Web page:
Television Brings Warfront Close To Home

As East Texans send their prayers and support to their troops overseas, many can't help but follow the soldiers from the homefront. Battlefield pictures and satellite phones are bringing the battle home in a way unlike any previous conflict.

On Friday, that access translated into a front row seat for "shock and awe."

Prior to the attacks, many East Texans found it difficult to keep focused. At Don's TV & Appliance in Tyler, a wall of televisions was tuned to seven different news stations. Baghdad was quiet.

Then noon brought storm and fire to the darkened television screens.

"These major airstrikes," Don's Sales Manager Brian Thedford says, "Have stopped our store for just a few moments, and probably all over East Texas, and led us to watch the TV."

Even knowing the attack was coming, people still were stunned by the sirens and explosions, and the assault carried on live television.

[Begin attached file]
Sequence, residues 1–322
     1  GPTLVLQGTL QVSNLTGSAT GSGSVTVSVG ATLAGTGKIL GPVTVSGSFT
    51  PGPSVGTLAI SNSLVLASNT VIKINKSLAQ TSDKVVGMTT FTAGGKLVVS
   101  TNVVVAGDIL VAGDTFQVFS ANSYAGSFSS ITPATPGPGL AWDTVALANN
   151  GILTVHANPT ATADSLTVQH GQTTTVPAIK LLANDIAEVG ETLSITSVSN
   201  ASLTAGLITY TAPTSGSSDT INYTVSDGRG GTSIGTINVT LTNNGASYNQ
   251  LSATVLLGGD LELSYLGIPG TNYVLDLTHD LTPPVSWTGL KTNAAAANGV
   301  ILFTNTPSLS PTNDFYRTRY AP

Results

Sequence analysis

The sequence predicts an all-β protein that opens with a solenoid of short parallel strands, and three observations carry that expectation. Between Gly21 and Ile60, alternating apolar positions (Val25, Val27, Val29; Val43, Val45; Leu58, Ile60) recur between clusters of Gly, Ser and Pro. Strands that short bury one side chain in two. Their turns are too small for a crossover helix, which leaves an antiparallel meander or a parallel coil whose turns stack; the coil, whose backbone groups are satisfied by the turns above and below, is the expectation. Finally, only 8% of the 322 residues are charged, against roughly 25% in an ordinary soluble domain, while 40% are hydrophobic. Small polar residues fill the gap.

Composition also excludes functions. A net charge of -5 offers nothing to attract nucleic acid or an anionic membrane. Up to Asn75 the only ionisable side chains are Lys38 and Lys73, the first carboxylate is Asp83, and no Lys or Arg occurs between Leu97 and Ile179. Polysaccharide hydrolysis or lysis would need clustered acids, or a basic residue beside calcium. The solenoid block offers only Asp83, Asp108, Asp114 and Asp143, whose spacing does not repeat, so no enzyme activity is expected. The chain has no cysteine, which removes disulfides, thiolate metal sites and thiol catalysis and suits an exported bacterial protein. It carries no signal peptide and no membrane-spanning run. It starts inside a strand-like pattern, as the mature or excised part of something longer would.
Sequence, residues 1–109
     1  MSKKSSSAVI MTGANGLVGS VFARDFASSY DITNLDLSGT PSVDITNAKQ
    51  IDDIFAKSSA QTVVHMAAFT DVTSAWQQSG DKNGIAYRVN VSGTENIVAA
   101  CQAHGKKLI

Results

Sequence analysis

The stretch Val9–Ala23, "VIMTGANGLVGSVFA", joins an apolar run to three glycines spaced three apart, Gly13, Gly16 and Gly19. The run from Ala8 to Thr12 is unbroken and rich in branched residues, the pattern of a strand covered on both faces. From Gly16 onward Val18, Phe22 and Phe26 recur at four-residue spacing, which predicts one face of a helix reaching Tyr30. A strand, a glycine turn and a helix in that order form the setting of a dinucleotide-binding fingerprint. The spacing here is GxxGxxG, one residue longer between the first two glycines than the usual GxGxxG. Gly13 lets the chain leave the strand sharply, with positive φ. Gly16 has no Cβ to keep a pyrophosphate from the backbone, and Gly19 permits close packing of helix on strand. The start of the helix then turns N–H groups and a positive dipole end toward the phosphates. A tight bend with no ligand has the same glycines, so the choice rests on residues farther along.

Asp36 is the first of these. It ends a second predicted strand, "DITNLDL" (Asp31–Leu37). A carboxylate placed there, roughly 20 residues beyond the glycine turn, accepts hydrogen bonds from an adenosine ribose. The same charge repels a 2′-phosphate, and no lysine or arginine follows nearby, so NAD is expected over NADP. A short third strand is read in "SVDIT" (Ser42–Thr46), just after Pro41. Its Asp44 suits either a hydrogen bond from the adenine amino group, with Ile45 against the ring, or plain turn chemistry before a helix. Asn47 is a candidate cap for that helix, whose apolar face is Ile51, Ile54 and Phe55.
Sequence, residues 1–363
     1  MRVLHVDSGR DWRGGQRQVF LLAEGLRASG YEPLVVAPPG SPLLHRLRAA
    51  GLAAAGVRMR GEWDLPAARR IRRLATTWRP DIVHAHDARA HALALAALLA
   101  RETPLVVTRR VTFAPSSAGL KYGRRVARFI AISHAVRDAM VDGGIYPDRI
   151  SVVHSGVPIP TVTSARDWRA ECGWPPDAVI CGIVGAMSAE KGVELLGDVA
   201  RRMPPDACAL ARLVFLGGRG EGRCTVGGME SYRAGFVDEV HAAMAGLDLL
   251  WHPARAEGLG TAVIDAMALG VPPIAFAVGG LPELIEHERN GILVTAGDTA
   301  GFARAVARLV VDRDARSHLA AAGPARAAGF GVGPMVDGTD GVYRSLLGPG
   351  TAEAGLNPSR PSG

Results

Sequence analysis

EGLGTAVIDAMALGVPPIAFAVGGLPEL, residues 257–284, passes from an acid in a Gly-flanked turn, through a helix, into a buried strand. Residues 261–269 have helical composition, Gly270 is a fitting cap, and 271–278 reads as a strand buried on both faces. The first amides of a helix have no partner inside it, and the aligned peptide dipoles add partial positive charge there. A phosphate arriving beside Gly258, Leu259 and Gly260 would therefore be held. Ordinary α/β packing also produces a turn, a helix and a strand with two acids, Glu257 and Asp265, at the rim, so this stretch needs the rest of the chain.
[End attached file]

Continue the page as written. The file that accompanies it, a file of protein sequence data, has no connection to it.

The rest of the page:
"It's definitely shocking," Tyler's Chris Smith said. "You hear about it but you don't really expect it. When you see it you didn't expect it to be as much as it was."

"It's kind of left us staring at the TV," Thedford says. "In amazement but also disbelief."

"The whole shock and awe...I don't really know what to think about it," Longview resident Katy Kinder says.

Through the magic of satellite, the onslaught was beamed home and into our hearts.

"It allows us to tie our hearts in with those troops to let us know what they're going through somewhat," Thedford says.

"But it's a whole different story where they are."

Not only is this the first war with live footage, it's also the first war in the era of the internet. It seems like many people are using the net to keep up with the battles. "Iraq" is the number one word search on the search engine, and "War" is the top internet word in the U.K.

So East Texans continue to follow the war on a battlefield that's closer than ever.

Reid Kerr ( reporting.